Are the Elderly a Threat to Educational Expenditures?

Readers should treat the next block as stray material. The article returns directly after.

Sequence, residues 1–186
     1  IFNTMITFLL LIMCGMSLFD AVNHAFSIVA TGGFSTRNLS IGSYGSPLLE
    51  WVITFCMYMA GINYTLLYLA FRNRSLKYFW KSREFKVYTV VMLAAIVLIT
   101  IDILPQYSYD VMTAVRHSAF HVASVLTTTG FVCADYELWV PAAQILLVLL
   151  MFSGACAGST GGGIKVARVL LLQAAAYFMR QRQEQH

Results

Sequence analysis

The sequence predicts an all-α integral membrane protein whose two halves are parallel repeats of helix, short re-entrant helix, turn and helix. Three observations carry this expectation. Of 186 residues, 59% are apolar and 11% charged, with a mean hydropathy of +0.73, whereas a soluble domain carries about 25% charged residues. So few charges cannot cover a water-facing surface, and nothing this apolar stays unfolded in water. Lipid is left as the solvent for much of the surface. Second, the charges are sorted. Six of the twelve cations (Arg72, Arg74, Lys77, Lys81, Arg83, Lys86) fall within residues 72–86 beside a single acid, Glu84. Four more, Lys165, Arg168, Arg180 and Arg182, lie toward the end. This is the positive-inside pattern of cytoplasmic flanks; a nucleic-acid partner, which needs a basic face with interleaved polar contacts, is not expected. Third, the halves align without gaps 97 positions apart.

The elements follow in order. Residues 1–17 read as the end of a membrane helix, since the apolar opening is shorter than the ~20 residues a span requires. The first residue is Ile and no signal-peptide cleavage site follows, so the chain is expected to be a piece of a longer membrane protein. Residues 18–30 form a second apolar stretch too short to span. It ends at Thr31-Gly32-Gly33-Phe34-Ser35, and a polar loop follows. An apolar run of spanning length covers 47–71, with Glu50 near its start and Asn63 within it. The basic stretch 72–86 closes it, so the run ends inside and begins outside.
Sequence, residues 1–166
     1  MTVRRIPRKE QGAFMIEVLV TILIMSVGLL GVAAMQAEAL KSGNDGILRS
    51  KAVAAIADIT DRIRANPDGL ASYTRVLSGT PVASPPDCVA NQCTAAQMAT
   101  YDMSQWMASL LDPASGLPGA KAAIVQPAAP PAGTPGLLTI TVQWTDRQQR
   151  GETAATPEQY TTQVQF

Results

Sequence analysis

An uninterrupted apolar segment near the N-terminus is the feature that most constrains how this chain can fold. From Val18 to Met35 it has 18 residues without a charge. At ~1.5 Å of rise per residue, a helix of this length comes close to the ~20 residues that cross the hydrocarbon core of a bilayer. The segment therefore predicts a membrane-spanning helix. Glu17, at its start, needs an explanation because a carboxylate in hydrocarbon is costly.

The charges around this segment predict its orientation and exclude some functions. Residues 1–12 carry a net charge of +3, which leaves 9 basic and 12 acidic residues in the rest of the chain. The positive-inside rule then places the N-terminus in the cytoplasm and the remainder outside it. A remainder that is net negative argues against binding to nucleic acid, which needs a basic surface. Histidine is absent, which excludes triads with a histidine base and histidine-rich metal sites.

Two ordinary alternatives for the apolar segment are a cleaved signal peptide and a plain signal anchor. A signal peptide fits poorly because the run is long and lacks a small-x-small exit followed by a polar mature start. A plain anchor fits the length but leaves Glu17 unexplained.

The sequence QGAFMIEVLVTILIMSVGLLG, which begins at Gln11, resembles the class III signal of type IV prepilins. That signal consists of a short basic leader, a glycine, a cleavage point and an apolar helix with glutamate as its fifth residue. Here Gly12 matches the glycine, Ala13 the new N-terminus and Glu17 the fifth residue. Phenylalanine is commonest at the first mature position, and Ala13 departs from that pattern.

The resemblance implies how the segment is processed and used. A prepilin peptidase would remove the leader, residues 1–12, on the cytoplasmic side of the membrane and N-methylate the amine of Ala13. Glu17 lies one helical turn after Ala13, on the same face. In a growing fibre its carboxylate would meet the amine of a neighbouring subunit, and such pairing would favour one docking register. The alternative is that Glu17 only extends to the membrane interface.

Empirical research has given cause to fear that the demographic ageing in industrialized countries is likely to exert a negative impact on educational spending. These papers have linked the share of the elderly with the per capita or per pupil spending on education at the local, state-wide or national level, trying to control for other exogenous effects. Although this line of research shows in many cases a negative correlation between the shares of elderly people and educational expenditures, a causal link is difficult to prove. This paper uses a unique and representative survey of Swiss voters of all age groups. The analysis shows that elderly people present a clear tendency to be less willing to spend money on education. They would rather prefer to spend public resources on health and social security than on education. Furthermore the paper shows that much of the negative correlation between the shares of elderly and educational spending is the result of the elderly being politically more conservative and in general less inclined to pay for expenditures in the public sector as a whole.
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